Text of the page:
Attention-based Residual Speech Portrait Model for Speech to Face Generation

Given a speaker's speech, it is interesting to see if it is possible to generate this speaker's face. One main challenge in this task is to alleviate the natural mismatch between face and speech. To this end, in this paper, we propose a novel Attention-based Residual Speech Portrait Model (AR-SPM) by introducing the ideal of the residual into a hybrid encoder-decoder architecture, where face prior features are merged with the output of speech encoder to form the final face feature. In particular, we innovatively establish a tri-item loss function, which is a weighted linear combination of the L2-norm, L1-norm and negative cosine loss, to train our model by comparing the final face feature and true face feature. Evaluation on AVSpeech dataset shows that our proposed model accelerates the convergence of training, outperforms the state-of-the-art in terms of quality of the generated face, and achieves superior recognition accuracy of gender and age compared with the ground truth.

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1 Introduction

Recently, Audio-Visual Cross-Modal Learning becomes more and more popular [PuttingaFacetotheVoice], and one of the most interesting topics is to generate face appearances of speakers according to their audio speech. In fact, the research on “speech to portrait” has great impacts on our daily life, especially in community security. For example, in the real scene of identifying suspects [Parkhi2015Deep], when there are no images or appearance features but only audio samples of the suspects, police can use the technology of “speech to portrait” to generate the face images, which are similar to suspects’ real faces.

In order to explore the feasibility of generating faces from speech, some previous studies have shown that a person’s voice is strongly related to his or her facial structures [Thinkingthevoice, PuttingtheFacetotheVoice]. For example, it was shown in  [mermelstein1967determination, teager1990evidence] that facial bone, joint structures and the tissues covering them are closely related to the shape and size of the organs that produce sound. Meanwhile, genetic factors, biological factors and environmental factors, especially gender [Kotti2008Gender, inproceedings], age [PtacekAge, Ageestimation, Zazo2018Age] and ethnicity, can largely influence one’s voice and face.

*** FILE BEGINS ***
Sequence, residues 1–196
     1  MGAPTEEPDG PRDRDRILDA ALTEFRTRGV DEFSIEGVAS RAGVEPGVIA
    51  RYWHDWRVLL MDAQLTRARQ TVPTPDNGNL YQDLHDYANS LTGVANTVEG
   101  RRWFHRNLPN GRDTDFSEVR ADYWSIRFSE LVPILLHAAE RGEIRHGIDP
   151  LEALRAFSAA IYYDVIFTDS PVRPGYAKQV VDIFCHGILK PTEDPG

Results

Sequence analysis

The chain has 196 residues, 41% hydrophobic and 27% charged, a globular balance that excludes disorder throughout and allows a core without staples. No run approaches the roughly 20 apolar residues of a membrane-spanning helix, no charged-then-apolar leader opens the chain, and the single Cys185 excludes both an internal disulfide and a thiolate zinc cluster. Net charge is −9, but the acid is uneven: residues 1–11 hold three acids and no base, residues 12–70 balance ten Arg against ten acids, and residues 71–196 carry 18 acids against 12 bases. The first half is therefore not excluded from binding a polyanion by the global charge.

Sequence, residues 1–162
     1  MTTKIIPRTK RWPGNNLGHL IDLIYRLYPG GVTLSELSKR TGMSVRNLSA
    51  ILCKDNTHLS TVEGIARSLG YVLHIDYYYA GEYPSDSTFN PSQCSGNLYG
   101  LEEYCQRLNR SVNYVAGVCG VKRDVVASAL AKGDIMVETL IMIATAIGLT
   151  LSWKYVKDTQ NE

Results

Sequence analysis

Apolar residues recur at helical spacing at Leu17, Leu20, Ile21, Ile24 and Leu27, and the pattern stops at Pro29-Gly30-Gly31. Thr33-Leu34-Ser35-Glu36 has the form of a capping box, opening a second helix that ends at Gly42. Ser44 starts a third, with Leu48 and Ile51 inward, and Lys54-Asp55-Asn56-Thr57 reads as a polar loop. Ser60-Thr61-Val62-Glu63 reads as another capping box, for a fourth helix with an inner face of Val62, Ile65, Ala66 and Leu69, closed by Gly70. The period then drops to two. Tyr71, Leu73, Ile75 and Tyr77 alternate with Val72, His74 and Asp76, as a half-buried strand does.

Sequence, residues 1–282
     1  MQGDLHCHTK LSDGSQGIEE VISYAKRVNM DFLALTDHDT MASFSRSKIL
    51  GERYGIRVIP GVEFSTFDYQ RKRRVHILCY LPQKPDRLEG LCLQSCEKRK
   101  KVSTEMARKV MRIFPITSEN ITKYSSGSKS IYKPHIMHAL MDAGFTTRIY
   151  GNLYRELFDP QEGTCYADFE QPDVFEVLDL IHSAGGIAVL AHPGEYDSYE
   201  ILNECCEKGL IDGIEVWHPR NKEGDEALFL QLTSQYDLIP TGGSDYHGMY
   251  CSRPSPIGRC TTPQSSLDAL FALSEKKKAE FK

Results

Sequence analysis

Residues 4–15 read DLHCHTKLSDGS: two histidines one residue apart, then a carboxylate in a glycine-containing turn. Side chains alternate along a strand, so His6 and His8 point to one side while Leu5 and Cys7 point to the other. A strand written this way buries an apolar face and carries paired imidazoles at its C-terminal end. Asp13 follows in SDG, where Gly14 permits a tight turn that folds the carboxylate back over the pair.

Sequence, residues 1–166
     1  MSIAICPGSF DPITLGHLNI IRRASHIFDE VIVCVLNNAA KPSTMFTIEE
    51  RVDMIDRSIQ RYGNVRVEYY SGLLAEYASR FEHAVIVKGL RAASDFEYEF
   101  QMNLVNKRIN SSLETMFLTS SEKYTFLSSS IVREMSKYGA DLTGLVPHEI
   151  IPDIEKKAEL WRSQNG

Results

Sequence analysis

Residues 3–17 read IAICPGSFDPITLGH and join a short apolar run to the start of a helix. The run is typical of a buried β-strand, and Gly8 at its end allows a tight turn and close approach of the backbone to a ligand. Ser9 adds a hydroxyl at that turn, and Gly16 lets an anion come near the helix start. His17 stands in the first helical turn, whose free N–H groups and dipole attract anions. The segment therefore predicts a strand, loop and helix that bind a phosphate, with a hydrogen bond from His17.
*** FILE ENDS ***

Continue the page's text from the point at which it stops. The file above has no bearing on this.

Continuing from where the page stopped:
Recently, some research works on speech to face generation using deep learning methods have emerged

[ProfilingHumansfromtheirVoice, oh2019speech2face], among which Speech2Face [oh2019speech2face]

is the state-of-the-art (SOTA). It directly generates a speech by Convolutional Neural Network (CNN)

[Krizhevsky2012ImageNet] that learns facial features [merler2019diversity], and then uses this feature to generate face [ColeSynthesizing]. This method obtains good results, but the CNN structure of speech encoder is complicated, and conventional CNNs may suffer from the gradient vanishing problem. More importantly, due to the natural mismatch between speech and face [singh2019reconstruction], there is still room to reduce the mismatch and improve the performance.

To overcome the shortcomings of previous works and further alleviate the mismatch between speech and face, in this work, we propose a novel Attention-based Residual Speech Portrait Model (AR-SPM) within an encoder-decoder architecture by introducing prior face features, which guides the speech feature to approach to the original face feature as much as possible. Besides, Convolutional Block Attention Module (CBAM) [woo2018cbam] is incorporated into the encoder to extract the key information of the speech and makes the decoder only focus on the face feature, ignoring the background noise. Particularly, we propose a tri-item loss function for encoder, which contains the linear combination of the L2-norm, L1-norm and the negative cosine loss to take into account both errors in values and directions. The decoder loss function is constructed by replacing the cosine loss with the Structural Similarity Index (MS-SSIM) [ZhaoLoss]. The qualitative and quantitative evaluation on AVSpeech dataset [ephrat2018looking] show the superior performance of our proposed method, which outperforms the SOTA results [oh2019speech2face]. An overview of our proposed AR-SPM is shown in Figure 1.

Overall, our contributions can be summarized as follows:

  • We propose a novel AR-SPM based on an encoder-decoder architecture. A residual strategy is introduced by incorporating a prior face feature to make the network capture the most representative face features and improve the learning effect of speech portrait model.